# unambiguous velocity $V_\max$ in radar doppler processing

In literature, $$V_\max = \lambda\cdot \operatorname{PRF} / 2$$; should it be $$V_\max = \lambda \cdot \operatorname{PRF} / 4$$, which would be consistent with FMCW $$V_\max = \lambda / (4 \cdot T_c)$$?

This is because $$\operatorname{PRF} = 2 f_d = 2 \cdot (2 V_\max / \lambda)$$.

• hi Linda, great having you back! I've edited your question to make the formulas easier to read. I think it's identical to what it was before, but it'd be nice if you checked. Mar 23 at 16:51
• Can somebody answer my question here? I am very confused the this factor of 2 difference. Mar 23 at 19:28
• @Linda I posted an answer below. I can post a real example, but it will take some time as I'm running out of it these days. Mar 25 at 3:41

Both are actually correct, but it depends on what Doppler $$f_D$$ frequencies we want to observe.

If we only want to observe positive Doppler frequencies, that is, targets with closing (approaching) radial velocities then the maximum unambiguous observable Doppler span given a pulse-repetition frequency (PRF) is

$$[0, PRF)$$

Thus the maximum observable unambiguous velocity (within one bin given the maximum frequency yielded by the DFT) when $$f_D = PRF$$ is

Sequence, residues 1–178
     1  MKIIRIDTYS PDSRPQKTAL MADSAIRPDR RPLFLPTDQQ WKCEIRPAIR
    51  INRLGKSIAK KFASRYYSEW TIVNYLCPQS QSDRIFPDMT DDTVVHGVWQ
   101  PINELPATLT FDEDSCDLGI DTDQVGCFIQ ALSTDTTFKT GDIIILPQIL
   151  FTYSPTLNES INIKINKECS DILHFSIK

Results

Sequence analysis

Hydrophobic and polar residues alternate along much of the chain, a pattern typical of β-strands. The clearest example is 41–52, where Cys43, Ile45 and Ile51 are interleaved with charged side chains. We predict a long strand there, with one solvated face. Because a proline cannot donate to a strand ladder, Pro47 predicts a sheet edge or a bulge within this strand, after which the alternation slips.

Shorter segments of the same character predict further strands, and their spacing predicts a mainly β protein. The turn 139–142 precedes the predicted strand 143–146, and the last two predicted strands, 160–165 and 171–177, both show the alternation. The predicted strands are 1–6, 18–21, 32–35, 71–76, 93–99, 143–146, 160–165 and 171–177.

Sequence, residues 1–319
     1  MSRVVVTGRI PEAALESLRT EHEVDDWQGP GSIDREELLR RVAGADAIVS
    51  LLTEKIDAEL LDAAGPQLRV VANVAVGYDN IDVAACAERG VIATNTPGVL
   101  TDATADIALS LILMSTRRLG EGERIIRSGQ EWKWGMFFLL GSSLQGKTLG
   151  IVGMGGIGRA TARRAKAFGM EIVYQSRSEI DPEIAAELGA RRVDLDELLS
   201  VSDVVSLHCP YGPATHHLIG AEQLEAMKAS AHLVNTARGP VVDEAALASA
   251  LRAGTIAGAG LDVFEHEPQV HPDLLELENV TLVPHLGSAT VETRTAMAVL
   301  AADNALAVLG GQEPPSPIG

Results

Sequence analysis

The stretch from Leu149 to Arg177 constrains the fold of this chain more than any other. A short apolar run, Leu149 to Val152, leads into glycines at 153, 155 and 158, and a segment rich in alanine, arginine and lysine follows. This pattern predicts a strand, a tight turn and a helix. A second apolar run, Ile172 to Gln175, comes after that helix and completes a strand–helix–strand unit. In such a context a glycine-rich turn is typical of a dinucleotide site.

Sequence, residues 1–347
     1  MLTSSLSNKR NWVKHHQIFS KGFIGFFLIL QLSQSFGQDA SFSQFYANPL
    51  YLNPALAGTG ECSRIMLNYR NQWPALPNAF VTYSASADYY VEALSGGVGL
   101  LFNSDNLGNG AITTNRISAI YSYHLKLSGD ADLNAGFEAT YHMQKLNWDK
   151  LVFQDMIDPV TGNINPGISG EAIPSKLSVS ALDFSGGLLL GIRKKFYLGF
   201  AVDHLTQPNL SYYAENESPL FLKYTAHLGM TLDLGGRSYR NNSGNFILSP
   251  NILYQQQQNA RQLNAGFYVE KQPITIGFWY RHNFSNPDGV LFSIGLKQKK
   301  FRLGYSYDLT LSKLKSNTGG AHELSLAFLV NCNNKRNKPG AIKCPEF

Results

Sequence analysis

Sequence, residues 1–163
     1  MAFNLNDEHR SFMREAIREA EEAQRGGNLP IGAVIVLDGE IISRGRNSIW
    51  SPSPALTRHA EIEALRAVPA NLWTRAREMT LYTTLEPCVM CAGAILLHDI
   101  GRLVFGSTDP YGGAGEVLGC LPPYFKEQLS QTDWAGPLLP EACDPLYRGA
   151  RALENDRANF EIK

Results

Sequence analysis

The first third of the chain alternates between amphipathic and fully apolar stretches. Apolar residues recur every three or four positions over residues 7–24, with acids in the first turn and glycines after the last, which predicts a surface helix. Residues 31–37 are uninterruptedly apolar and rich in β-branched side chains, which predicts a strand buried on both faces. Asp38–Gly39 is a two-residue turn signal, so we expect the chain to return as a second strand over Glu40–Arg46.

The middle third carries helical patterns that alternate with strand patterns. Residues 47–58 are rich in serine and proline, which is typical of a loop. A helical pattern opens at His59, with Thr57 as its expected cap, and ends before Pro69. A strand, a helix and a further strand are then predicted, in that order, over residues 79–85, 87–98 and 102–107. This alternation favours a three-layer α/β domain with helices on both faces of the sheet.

$$V_{max} = \frac{PRF\lambda}{2}$$

If we want to consider both positive and negative frequencies (we want to observe targets moving towards and away from the radar), the captured Doppler span given a PRF is now

$$[\frac{-PRF}{2}, \frac{PRF}{2})$$

In the same fashion the maximum observable unambiguous velocity when $$f_D = \pm PRF/2$$ is

$$V_{max} = \pm\frac{PRF\lambda}{4}$$

## Example

I think you would also benefit from viewing this answer, which goes into a little more detail. I'm also using the same parameters for the simulation.

To see the effect of our choice in defining the observed Doppler span, we assume the following:

• Target range of 800 m and velocity of 250 (closing) m/s
• Wavelength λ of 0.03 m
• PRF of 50 kHz

Choosing to observe $$[-\frac{PRF}{2}, \frac{PRF}{2})$$ we get the maximum unambiguous velocities we can observe:

$$v_{max} = \pm\frac{PRF \lambda}{4} = \pm\frac{(50 \space kHz)0.03}{4}$$ $$v_{max} = \pm 375 \space m/s$$

We're able to unambiguously observe targets either moving away or towards the radar as long as the target is no faster than 375 m/s as shown in the range-Doppler map above. If the target does go beyond this limit, the target will alias. Let's say the target speeds up to 450 m/s towards the radar:

Performing a measurement here would give you not only a wrong value of its absolute speed, but you would perceive it as going away from you. Not good!

However if we choose to observe the Doppler span as $$[0, PRF)$$ then we get

$$v_{max} = \frac{PRF \lambda}{2} = \frac{(50 \space kHz)0.03}{2}$$ $$v_{max} = 750 \space m/s$$

And forming the range-Doppler map:

Measuring the target now will give us the correct absolute speed and direction, but we're relegated to only being able to observe positive Doppler (closing) targets, albeit with a potentially higher velocity (double in this case).